Cross-posted from One Earth
A small prop plane takes off into a sun-dappled sky and circles over Western pastureland, being filmed from a distance, as a woman’s offscreen voice intones “three more shots … two more shots,” counting off the distant sound of rifle fire. “What are they doing, shooting the pups?” she asks.
That’s a scene from the new NRDC documentary “Wild Things,” which was screened late last month for policy makers on Capitol Hill and is providing new momentum for reforming Wildlife Services, a division of the U.S. Department of Agriculture responsible for killing 100,000 coyotes, bobcats, foxes, wolves, bears, and mountain lions every year. Methods of death include spring-loaded poison cartridges—a.k.a. traps that shoot sodium cyanide into an animal’s mouth when it tugs on bait—and gunning down predators from low-flying aircraft.
“It’s blatant killing,” former Wildlife Services employee Gary Strader says in the film, explaining the mindset of the agency where he used to work. “It’s just flying around—there’s a coyote, let’s kill it. There’s a coyote, let’s kill it. Let’s kill it, let’s kill it. You know, it’s just every coyote they see, they’re gonna kill it.”
And that’s just what the agency does on purpose. A Sacramento Bee investigation last year found that Wildlife Services has also accidentally killed more than 50,000 animals since 2000, including bald eagles, endangered wolverines, family dogs, and several species considered threatened or imperiled by wildlife biologists. And 10 plane crew members have died in crashes since 1989 during aerial gunning operations, including two in 2007, the Bee reports.
What’s the point of all this death and destruction? The Department of Agriculture says it’s spending about $30 million a year to protect commercial livestock from coyotes, wolves, and other predators. (It’s harder to argue with some of Wildlife Services’ other roles, like controlling rabies and removing geese from airport runways—although some people object to lethal measures there, as well.) The economic case for killing predators to protect livestock is pretty shaky, though. A 2001 Governmental Accountability Office report could find no independent studies of the costs and benefits associated with Wildlife Services, and it urged the agency to develop more nonlethal means of protecting livestock, including wildlife contraceptives and scare devices triggered by motion sensors.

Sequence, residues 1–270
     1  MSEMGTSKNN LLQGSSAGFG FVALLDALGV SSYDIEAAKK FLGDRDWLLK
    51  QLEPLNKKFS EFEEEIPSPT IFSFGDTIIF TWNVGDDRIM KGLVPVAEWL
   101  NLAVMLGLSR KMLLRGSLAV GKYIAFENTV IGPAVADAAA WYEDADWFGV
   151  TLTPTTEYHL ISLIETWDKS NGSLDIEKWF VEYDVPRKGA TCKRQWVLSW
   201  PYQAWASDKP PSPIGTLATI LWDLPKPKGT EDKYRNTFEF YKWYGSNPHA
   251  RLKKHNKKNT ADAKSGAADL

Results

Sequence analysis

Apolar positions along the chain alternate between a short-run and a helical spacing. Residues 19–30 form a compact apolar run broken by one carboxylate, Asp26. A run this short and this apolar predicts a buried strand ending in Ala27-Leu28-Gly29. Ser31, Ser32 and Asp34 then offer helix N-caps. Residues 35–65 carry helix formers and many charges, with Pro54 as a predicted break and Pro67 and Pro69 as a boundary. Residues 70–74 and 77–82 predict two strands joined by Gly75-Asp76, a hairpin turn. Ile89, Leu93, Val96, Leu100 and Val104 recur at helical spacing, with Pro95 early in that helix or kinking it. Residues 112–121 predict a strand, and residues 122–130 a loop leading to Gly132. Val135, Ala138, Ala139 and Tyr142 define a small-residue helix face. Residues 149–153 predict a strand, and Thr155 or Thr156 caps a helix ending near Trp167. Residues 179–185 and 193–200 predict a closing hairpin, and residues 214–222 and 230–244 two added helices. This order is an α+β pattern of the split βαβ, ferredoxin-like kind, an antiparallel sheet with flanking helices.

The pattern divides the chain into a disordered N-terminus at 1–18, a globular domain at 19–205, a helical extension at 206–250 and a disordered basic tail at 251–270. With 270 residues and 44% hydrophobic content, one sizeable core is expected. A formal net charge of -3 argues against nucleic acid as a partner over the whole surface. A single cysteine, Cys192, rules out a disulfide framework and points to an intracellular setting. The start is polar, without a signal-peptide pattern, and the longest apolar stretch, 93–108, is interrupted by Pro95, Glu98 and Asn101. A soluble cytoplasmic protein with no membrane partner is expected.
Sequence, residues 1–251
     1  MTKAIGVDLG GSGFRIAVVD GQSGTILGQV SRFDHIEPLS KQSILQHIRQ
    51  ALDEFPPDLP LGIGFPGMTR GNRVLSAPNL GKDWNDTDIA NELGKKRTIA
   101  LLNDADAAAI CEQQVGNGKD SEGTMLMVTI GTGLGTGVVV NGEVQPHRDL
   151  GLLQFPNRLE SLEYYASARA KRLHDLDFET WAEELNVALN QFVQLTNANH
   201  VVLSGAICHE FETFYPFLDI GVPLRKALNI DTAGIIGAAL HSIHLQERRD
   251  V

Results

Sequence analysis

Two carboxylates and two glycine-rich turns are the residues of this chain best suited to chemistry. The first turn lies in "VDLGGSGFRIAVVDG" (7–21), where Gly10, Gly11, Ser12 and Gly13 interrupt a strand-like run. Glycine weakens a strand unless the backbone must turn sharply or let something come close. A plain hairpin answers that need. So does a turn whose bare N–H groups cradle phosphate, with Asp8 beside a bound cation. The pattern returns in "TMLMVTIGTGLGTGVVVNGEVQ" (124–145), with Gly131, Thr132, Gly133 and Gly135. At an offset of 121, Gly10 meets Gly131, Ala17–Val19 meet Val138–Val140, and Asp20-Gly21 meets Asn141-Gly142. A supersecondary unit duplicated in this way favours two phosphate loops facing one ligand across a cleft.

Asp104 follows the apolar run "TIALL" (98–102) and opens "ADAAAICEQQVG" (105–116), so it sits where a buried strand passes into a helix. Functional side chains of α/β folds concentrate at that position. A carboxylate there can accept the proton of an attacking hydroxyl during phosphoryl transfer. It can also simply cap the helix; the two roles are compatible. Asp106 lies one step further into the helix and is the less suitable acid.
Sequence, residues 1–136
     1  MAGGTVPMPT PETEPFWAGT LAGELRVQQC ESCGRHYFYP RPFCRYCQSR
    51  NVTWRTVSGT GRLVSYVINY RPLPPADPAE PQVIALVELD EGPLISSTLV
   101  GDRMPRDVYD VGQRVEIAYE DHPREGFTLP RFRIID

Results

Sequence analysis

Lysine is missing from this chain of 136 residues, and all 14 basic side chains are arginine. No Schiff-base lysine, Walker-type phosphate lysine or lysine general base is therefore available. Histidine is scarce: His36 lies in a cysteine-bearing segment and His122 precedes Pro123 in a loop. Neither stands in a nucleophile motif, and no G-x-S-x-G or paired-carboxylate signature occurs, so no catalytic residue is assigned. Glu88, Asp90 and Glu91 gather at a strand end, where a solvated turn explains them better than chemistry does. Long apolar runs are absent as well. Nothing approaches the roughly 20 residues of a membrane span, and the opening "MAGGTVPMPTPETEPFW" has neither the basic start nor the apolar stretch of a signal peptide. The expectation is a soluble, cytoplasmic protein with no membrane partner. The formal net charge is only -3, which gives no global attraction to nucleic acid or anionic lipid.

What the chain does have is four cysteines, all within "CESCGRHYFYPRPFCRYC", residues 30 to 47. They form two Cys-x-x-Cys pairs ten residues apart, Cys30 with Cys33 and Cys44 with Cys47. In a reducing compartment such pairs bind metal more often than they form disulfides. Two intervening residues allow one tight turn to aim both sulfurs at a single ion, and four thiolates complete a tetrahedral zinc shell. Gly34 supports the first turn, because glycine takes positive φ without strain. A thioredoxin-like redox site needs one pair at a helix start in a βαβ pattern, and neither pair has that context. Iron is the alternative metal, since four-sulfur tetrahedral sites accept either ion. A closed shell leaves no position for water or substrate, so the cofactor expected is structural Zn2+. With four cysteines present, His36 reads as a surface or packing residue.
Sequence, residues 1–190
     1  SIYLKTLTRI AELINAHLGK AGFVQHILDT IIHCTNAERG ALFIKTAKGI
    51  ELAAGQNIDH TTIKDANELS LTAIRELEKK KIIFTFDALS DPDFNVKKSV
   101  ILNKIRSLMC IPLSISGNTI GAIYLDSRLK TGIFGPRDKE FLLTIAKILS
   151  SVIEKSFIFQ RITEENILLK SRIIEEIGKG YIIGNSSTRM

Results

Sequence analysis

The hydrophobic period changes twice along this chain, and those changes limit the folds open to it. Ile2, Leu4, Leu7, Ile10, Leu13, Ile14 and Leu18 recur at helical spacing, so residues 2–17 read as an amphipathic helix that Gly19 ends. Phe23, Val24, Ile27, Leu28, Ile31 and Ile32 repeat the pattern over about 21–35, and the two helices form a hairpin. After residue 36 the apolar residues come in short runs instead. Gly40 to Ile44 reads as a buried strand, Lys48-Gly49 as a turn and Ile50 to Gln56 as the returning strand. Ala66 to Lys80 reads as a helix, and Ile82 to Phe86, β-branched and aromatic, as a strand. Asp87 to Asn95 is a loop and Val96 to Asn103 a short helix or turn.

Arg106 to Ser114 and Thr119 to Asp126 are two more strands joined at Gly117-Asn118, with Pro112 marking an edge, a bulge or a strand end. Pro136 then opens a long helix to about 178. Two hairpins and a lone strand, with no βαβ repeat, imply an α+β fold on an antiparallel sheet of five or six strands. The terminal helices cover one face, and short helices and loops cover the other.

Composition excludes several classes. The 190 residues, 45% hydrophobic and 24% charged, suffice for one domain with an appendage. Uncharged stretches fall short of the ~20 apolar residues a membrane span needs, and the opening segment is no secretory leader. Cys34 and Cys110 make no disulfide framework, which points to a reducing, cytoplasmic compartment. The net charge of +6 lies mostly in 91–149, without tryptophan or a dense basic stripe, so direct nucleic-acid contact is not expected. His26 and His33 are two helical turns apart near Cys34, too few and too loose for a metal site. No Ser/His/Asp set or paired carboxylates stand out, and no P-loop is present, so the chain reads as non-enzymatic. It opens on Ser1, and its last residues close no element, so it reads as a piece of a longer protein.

The scientific argument for lethal control is even worse. As the Bee reports, a growing body of scientific research has found that by killing predators in such large numbers, Wildlife Services is “altering ecosystems in ways that diminish biodiversity, degrade habitat, and invite disease.”
“It’s a killing business,” a former agency employee tells the Bee, “and it ain’t pretty.”
Indeed it ain’t, as the new documentary—which will premiere this weekend at D.C.’s Environmental Film Festival—makes clear. (Full disclosure: “Wild Things” was produced by the films division of the Natural Resources Defense Council, which also publishes OnEarth.) The film includes a scene of a coyote whose paw is caught in a Wildlife Services trap and nearly severed after two weeks of the animal struggling for release. And although there are no close-up shots of the aerial gunning, there are descriptions of the practice by former Wildlife Services employees who took part. It’s a disturbingly common practice: since 2001, more than 340,000 coyotes have been gunned down from planes and helicopters across 16 Western states—an average of 600 a week.
Efforts to reform the agency go all the way back to 1963, when the indiscriminate killing of wolves, bears, and mountain lions across the West led a panel of scientists to condemn the program in a report to the Department of Interior. Hearings and more critical reports followed, and President Nixon could see that predator control had gone too far. In 1972, he signed an executive order banning the use of poison, but it was later amended (for the worse) by Gerald Ford, and Ronald Reagan dumped the poison ban entirely, allowing the slaughter to continue.
“Wild Things” includes an appearance by Oregon Congressman Peter DeFazio, who along with California Congressman John Campbell has introduced legislation to ban the poisoning of predators (just like Nixon!), but whose efforts went nowhere in the last Congress. DeFazio and Campbell plan to try again this year, but a change in the law isn’t really needed. The agency itself could decide to do things differently, if there’s enough political and popular pressure for reform. Because death from the skies is really no way to manage our nation’s wildlife.